Brrrrr! Arctic blast can affect buses, buildings … and bodies

A+seemingly+abandoned+car+has+been+sitting+idle+in+the+Athletic+Parking+Lot+for+weeks.+Snowplow+operators+have+had+to+work+around+the+car+as+they+try+to+get+Fairmont%27s+lots+ready+for+school.

Photo: Lily Condron

A seemingly abandoned car has been sitting idle in the Athletic Parking Lot for weeks. Snowplow operators have had to work around the car as they try to get Fairmont’s lots ready for school.

By Emily Latham, Flyer Staff

[Story updated on 2/12/14 with more details on weather-related building problems.]

Sub-zero temperatures and relentless snow have made the winter of 2013-14 one to remember … or maybe one to forget.

The wintry blasts and calamity days have played havoc with academic planning, student focus and nearly everyone’s patience. But the severe winter weather also poses challenges to school buses and buildings – and real danger to exposed skin.

Tyler Alexander, South Unit Principal at Fairmont, says this winter has been particularly trying.

“It’s been very difficult,” he said, adding that he’s glad he’s not the one who has to decide whether or not to close due to weather. “The superintendent looks at a lot of factors. He speaks with our business director, who is in charge of making sure all of our parking lots and sidewalks are clear; he speaks with transportation because of bus safety; and he also speaks to other districts, seeing what they’re thinking. It’s important for us to educate our students, but it’s also important for us to keep our students safe.”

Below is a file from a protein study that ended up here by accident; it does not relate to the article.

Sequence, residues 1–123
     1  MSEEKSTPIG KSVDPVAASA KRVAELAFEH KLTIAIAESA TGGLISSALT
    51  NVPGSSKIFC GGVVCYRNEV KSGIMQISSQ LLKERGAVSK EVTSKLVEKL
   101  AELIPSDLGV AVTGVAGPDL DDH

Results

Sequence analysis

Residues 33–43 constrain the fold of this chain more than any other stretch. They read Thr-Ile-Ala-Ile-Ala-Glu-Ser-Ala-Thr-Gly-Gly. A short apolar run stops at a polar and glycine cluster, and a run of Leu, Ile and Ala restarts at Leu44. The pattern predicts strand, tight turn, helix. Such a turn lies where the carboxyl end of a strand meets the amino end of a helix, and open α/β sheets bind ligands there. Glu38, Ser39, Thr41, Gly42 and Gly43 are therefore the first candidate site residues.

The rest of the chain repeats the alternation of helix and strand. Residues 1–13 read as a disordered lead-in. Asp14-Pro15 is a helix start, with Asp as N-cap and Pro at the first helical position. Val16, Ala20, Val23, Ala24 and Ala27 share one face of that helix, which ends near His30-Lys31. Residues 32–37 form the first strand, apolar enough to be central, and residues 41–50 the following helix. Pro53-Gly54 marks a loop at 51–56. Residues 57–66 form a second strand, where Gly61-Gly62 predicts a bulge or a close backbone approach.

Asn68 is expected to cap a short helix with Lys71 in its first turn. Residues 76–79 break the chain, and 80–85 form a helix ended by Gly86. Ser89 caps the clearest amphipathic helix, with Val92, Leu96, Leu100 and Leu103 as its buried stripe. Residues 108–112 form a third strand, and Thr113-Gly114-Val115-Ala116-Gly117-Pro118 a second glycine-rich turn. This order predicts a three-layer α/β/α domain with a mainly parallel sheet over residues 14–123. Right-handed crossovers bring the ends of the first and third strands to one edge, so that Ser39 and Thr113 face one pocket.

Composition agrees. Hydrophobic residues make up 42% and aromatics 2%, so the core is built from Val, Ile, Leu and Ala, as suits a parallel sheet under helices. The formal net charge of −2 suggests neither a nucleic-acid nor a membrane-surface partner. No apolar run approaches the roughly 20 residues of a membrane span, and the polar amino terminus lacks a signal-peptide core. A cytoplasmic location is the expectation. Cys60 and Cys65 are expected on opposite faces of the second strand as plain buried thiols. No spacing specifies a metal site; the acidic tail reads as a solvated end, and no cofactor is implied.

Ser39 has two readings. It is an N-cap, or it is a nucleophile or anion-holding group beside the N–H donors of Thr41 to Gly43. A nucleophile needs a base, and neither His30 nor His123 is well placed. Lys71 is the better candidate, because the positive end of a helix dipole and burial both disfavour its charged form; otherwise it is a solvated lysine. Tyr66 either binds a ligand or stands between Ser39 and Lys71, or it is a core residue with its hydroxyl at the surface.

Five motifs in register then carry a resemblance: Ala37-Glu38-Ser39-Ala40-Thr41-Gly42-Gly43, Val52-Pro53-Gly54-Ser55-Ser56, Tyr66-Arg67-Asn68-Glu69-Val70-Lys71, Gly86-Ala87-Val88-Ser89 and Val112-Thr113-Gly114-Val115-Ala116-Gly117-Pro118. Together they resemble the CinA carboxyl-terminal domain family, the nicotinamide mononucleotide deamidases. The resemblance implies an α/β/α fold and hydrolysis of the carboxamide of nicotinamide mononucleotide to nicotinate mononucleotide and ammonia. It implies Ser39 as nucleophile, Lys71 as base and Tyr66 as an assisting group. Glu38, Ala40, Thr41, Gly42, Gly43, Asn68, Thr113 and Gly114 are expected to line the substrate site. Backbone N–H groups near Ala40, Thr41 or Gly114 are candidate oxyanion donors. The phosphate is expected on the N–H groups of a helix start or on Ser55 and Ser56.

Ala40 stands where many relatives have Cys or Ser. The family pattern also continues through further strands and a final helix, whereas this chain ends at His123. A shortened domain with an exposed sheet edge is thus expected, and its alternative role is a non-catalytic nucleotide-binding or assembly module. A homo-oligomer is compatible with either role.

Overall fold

Buses and buildings

Ken Lackey, director of the Business Services Department for Kettering City Schools, says this winter’s below-zero temperatures were unexpected, but the district has weathered the storm pretty well.

“We’ve had hardly any problems with buses,” Lackey said. “On the first day after break, we had one bus that we couldn’t get started, so we used a spare. We had another bus without heat one day that we had to switch out. The buses all have diesel engines, so the engines are plugged in all night to keep them warm.”

In terms of facilities, Lackey says the district has had a few weather-related problems, most notably at Fairmont, where a fire suppression head froze and burst and some cooling coils ruptured.

“The fire suppression head that ruptured was in the trainer’s room within the athletic complex at Fairmont,” explained Phil Hacker, supervisor of Buildings and Grounds for the district. “The trainer, Robin Lensch, called Fairmont Head Custodian Brian Marker to make him aware that a leak had developed. Brian was able to contact the maintenance office, and we called on a fire suppression company to address the need. Some damage resulted but not as much as what would have been had the information not been passed on so quickly.”

Hacker said four cooling coils and a heating coil also ruptured at Fairmont, three in South Unit and two in West. “The West Unit has been repaired and the South Unit will be shortly,” he said. “The cooling coils will not be missed until this spring, and the heating coil, which is part of a unit ventilator, ruptured due to the water inside the coil freezing. ” 

Hacker said Fairmont and other buildings in the district actually weathered the severe winter very well. “We have not lost any time due to building related issues during the worst winter in 20 years,” he said.

Lackey also noted the extra burdens the snow has put on the district’s grounds staff and building custodians.

“During periods of snow, our grounds staff starts very early working to clear parking lots of snow and get them salted,” said Lackey. He says the staff usually starts about midnight clearing the lots.

Once the lots are cleared, it’s time for the custodial staff to get busy. “The building custodians come in early on bad weather days to clear snow from sidewalks and get them salted. They usually start at 5 or 5:30 in the morning to get the buildings ready,” Lackey said.